The Duty to Preserve, Mate

The Duty to Preserve, Mate

When does an international company have to comply with U.S. discovery demands? For the Australian corporation defendant in the case of Lunkenheimer Co. v. Tyco Flow Control Pacific Party Ltd., when it was served with the complaint.

The February 2015 order addressed intervenor/counter defendant Nilmini Klur’s allegation that Pentair Flow Control Pacific (PFCP) refused to comply with the October 2014 discovery order. In particular, that PFCP “failed to preserve, or satisfactorily search for and produce, evidence relating to this action.” As a result, Klur asked the court to impose sanctions, including that PFCP damaged the plaintiffs in connection with its breaches in the amount of nearly $25 million dollars.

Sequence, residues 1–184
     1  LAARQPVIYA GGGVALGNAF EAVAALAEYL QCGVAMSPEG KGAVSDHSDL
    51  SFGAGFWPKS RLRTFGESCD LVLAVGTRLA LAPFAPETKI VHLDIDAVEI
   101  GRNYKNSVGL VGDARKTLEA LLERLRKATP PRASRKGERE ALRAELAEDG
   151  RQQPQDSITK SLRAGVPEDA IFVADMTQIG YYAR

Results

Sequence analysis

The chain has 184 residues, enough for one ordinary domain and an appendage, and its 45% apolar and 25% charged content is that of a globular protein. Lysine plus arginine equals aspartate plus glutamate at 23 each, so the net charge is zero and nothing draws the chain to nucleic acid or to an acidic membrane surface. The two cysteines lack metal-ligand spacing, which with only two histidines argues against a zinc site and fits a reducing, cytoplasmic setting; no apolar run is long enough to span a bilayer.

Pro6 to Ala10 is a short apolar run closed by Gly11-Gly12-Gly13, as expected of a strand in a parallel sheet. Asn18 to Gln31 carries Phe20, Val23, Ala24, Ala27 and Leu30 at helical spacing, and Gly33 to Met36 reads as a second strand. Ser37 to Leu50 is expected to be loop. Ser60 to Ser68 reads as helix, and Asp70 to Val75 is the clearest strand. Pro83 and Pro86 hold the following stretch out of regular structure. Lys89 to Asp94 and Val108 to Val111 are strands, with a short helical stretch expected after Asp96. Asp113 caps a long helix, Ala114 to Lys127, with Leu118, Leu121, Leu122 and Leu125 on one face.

Per K&L Gates’ order summary, while the court acknowledged that the defendant was not excused from preservation simply because it was an international company, however, because the Australian company had “no presence or significant sales in the United States and because Australia was the anticipated jurisdiction of ‘License-related disputes,’ the duty to preserve arose when Defendant was served with the complaint in December, 2011.”

While Klur’s request for sanctions was denied, the court agreed that Klur was entitled to an additional discovery set.

For more on U.S. discovery demands of international companies, particularly in Asia, download LLM, Inc.’s latest white paper.





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